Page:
Four minutes and eight seconds. That is how quickly Los Angeles Airport Police Division officers responded and stopped a gunman who had already killed one Transportation Security Administration (TSA) officer from carrying out his plan to kill even more.
A well-choreographed response to the 2013 shooting of a TSA agent at LAX.The November 1, 2013 attack at Los Angeles International Airport (LAX) made international headlines, and in the thick of it was California State University, Dominguez Hills (CSUDH) alumnus Patrick Gannon (’83, B.A., public administration), who at the time had been serving as chief of airport police for just over a year. In August 2016, he was promoted to his current position of deputy executive director of Homeland Security and Law Enforcement for Los Angeles World Airports (LAWA).
“Our response was pretty fast, and pretty remarkable that day. From that case I learned that you’ll never really know how you will react in such an emergency situation until you are actually confronted with one,” said Gannon. “You hope you’ll react well because you have trained and thought about it over and over to stay in the right frame of mind. But I was confident that the men and women who work here had the courage and the professionalism it takes to protect a big asset like this. And I was right.”
To Protect and Serve
Airport security and terrorism prevention efforts around the world were dramatically changed after the terrorist attacks in New York and Washington D.C. in 2001. However, LAX got its wake-up call in 1999 when an Al-Qaeda sympathizer was stopped trying to cross the Canadian border into Seattle with bomb-making equipment, and with the intention of attacking LAX, the world’s seventh largest airport.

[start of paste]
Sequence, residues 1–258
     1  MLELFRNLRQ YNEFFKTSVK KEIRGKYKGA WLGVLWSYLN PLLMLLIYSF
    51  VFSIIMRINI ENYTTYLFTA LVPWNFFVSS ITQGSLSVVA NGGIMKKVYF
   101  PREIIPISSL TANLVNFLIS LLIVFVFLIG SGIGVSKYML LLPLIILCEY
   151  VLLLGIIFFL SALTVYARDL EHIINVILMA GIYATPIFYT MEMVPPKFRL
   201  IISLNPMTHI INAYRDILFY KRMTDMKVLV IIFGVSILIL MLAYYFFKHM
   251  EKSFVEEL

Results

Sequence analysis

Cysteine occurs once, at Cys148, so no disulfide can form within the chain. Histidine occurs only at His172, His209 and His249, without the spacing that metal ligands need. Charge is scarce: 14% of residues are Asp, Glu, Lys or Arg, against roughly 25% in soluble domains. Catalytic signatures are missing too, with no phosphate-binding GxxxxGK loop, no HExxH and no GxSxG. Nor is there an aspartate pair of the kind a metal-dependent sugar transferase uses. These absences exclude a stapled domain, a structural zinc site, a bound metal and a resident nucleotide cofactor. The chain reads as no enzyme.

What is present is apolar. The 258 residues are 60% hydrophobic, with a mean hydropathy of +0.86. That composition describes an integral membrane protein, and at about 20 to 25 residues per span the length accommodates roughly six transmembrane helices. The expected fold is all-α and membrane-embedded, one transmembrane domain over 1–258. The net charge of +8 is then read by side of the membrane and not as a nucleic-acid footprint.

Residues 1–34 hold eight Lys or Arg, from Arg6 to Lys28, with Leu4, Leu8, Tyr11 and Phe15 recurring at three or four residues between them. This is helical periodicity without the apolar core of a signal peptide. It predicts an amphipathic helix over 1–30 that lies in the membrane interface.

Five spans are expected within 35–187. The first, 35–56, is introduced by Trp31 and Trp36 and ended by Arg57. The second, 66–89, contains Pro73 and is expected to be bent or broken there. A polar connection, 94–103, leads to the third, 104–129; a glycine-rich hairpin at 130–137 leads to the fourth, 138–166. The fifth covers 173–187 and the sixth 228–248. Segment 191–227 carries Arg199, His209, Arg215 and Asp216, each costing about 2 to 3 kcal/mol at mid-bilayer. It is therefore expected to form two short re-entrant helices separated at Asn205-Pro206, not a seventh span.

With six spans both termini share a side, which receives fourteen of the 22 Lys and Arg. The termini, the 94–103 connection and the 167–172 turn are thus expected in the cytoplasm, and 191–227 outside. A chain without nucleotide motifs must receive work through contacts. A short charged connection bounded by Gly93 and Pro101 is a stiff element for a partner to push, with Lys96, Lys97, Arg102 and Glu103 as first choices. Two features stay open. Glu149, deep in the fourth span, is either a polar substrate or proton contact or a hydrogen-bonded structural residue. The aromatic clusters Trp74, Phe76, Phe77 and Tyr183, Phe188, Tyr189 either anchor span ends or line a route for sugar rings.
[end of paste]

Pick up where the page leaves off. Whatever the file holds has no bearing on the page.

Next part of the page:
“It’s not lost on us that we are an attractive target. Al Qaeda never forgets—just look at the attempts they made on the World Trade Center before 9/11,” said Gannon, who also leads all counter-terrorism efforts for LAWA. “But it doesn’t have to be terrorism. I could be just someone who has something wrong, is bent on destruction, and wants to go someplace that is high profile. Unfortunately, LAX is iconic in that regard, at least in the Los Angeles region.”
Along with its “iconic” regional status,” LAX is the western United States’ top hub for international travel. More than 80 million people pass through the airport’s terminals each year, and protecting them is an immense undertaking for Gannon and the 1,100 officers and employees who serve under him.
In his position Gannon provides leadership, management oversight, and policy direction to all law enforcement and security staff at LAWA’s two airports: LAX and Van Nuys Airport. He also coordinates with other law-enforcement agencies, oversees emergency medical and fire-prevention services provided by the Los Angeles Fire Department, and is responsible for integrating the law enforcement and homeland security functions with Airport Operations and other aviation staff.
Another of Gannon’s major responsibilities is security credentialing the more than 52,000 people who work at LAWA airports, such as baggage handlers, vendors, and construction workers.
“We’re responsible for making sure that everyone who comes to work here should be working here. It’s a critical infrastructure, it is one of our largest operations, and it keeps people safe,” said Gannon. “Someone once described all our work as a ballet. Every piece has to be choreographed perfectly.”
Someone once described all our work as a ballet. Every piece has to be choreographed perfectly. – Patrick Gannon
Two months before joining LAWA, Gannon retired from the Los Angeles Police Department (LAPD) after 34 years of service, of which 12 years were at the executive management level. He was the third in a family of four generations to be LAPD officers. His son Michael Gannon (’08, B.A., public administration) is currently a sergeant in the department.
He was hired by the LAPD at the age of 22 after leaving CSUDH to start work, but returned to the university to finish his bachelor’s degree in public administration after his probation period on the police force had ended. He then went on to earn a master’s degree in public administration from the University of Southern California.
“I’m proud of the fact that I graduated from Cal State Dominguez Hills. It was great for me. It was small at the time. I did struggle a bit along the way, and actually left to find work,” he said. “While there, I met some really great people, some great professors, and I have fond memories of going there. Cal State Dominguez Hills has really stuck with me.”